What Is The Debt-To-Income Ratio (DTI), And How To Get It Right?
What is DTI for personal loan? Read to know the complete steps to calculate debt to income ratio & how it is important for personal loan approval!
When applying for a personal loan online, you may come across many new terms, including DTI or debt-to-income ratio. This article explains the definition of the debt-to-income ratio and how it affects your personal loan application process.
What Is The Debt-To-Income Ratio (DTI)?The DTI ratio determines your debt repayment capacity based on your monthly income. If you have a high DTI ratio, your chances of loan approval decline. However, a low DTI ratio signals your creditworthiness and improves your chances of loan approval.
When you check the loan amount qualified using the personal loan eligibility calculator and apply for a personal loan online, you must ensure you have a lower DTI.
Why Do Lenders Value The DTI Ratio?A lender will use the DTI to evaluate your ability to repay the loan. This ratio assures them that you will not default on EMI payment in the most usual circumstances. It offers a peek into your creditworthiness too.
Calculating Debt To Income RatioYou can calculate your debt-to-income ratio by dividing all your debt, including loans and credit card dues, by the gross income you earn every month (after tax deductions).
The formula is as below:
DTI = Gross Monthly Debt / Gross Monthly Income * 100
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Gross Monthly Debt = an aggregate of all your monthly debt payments
Gross Monthly Income = your income in hand per month
How Can You Use DTI For Personal Loans?It would be prudent to track your DTI before you apply for a loan. It allows you to analyze your credit risk and learn whether taking a loan is the best choice. The DTI helps you make informed decisions around debt management too.
Ideally, a DTI between 21 and 35 per cent is considered ideal from the lenders perspective. If the DTI lies between 35 and 60 per cent, there are chances of loan approval but with a relatively higher interest rate. Applicants having more than 60 percent DTI might find it very tough to get loans sanctioned.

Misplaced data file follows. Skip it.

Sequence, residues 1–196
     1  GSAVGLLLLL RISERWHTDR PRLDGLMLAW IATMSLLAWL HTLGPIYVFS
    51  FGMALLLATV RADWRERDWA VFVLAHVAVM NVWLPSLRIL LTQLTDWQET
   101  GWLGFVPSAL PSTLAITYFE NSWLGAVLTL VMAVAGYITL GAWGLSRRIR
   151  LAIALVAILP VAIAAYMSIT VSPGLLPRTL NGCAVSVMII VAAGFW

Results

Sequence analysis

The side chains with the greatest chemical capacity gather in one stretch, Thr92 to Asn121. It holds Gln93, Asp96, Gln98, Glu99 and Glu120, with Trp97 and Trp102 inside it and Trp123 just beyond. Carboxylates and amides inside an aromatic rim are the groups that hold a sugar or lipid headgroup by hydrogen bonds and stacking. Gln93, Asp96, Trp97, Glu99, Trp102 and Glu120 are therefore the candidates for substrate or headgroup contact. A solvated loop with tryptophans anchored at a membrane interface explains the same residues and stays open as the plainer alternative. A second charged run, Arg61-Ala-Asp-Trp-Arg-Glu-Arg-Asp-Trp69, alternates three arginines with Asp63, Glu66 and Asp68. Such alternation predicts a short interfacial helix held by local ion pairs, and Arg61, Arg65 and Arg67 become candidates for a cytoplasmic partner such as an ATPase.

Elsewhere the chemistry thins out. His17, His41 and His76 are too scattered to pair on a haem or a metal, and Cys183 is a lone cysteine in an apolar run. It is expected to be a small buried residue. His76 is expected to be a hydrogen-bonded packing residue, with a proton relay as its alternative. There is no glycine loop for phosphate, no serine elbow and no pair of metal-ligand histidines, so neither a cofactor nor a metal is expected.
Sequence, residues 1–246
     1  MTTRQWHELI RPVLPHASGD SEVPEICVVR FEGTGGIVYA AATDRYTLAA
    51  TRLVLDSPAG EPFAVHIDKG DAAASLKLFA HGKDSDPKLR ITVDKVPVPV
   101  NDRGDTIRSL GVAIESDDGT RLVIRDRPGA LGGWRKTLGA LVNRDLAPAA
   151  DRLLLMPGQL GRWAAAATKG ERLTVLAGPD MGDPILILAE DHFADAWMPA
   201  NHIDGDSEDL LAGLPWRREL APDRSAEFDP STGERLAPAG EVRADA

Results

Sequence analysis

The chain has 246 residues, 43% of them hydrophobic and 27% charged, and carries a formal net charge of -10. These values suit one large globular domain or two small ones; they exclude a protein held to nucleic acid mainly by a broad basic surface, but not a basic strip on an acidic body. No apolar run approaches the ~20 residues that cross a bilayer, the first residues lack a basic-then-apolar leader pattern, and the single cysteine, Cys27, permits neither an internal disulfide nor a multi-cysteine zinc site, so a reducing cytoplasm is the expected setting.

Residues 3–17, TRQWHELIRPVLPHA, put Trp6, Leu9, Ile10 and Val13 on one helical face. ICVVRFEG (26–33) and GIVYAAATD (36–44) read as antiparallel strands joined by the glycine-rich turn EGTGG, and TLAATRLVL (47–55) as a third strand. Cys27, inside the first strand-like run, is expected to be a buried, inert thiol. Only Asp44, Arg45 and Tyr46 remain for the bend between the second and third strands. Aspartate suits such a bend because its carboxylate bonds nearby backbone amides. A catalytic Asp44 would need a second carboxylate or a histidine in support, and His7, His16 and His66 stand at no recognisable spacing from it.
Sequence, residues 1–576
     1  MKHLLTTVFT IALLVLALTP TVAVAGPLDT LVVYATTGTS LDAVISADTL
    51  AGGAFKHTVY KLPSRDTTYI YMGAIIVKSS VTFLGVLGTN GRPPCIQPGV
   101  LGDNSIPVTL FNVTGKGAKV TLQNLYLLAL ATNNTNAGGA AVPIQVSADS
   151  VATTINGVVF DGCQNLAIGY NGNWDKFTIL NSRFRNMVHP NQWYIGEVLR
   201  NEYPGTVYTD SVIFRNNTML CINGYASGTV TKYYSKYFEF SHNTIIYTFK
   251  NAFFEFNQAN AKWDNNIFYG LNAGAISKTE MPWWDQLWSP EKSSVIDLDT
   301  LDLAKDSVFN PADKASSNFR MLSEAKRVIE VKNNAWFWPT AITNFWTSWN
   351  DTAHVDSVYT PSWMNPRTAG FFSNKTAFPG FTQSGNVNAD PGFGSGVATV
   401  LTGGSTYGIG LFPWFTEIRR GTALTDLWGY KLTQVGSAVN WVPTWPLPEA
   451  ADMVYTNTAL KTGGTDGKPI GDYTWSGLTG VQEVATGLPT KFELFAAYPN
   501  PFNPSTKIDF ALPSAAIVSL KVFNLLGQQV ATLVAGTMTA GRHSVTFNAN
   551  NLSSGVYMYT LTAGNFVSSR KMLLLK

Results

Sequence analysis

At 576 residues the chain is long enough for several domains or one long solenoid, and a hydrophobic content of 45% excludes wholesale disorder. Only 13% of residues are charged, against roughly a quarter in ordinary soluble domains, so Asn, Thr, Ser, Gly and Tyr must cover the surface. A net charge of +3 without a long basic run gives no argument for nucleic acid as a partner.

For example, consider Mr Amit, who wishes to take a personal loan and earns an annual income of Rs. 10,00,000. His current debt includes a home loan of Rs. 40,000 and an auto loan of Rs. 20,000.
His computed DTI ratio is as follows:
Gross Monthly Income: 10,00,000/12 = 83,333
Gross Monthly Debt: 40000 + 20000 = 60,000
The DTI ratio will be (60,000/83,333)*100 = 72%As this ratio is way above the limit approved by most lenders, he can try to improve it before applying for a personal loan.
Improving Your DTI—4 Tips To Get The Ratio RightThe first step to better financial planning when considering taking on debt is monitoring your DTI ratio. As you see a rise in income and plan on taking a loan, recheck your DTI ratio. Follow these tips if you have a high DTI:
1. Delay a big purchase unless it is essential.
2. Increase EMI payments and try paying off an existing loan quicker than its full tenure.
3. Avoid taking on debt until you hit a DTI figure below 35 per cent.
4. Try and enhance your monthly income.
Q1. Is DTI a substitute for credit scores?
Ans. No, the DTI ratio is used along with your credit score to judge the creditworthiness and risk involved with a borrower.
Q2. Can I calculate DTI at home?
Ans. Yes, you can. Simply divide your debt liabilities by your overall income to determine your DTI ratio.
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